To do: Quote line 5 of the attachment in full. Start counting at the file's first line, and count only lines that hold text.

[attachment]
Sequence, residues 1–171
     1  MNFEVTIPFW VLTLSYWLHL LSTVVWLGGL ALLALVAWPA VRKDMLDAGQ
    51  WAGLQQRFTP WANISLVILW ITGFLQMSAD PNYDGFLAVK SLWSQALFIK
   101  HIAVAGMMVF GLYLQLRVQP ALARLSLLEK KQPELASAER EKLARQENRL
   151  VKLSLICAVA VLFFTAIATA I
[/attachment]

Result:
   151  VKLSLICAVA VLFFTAIATA I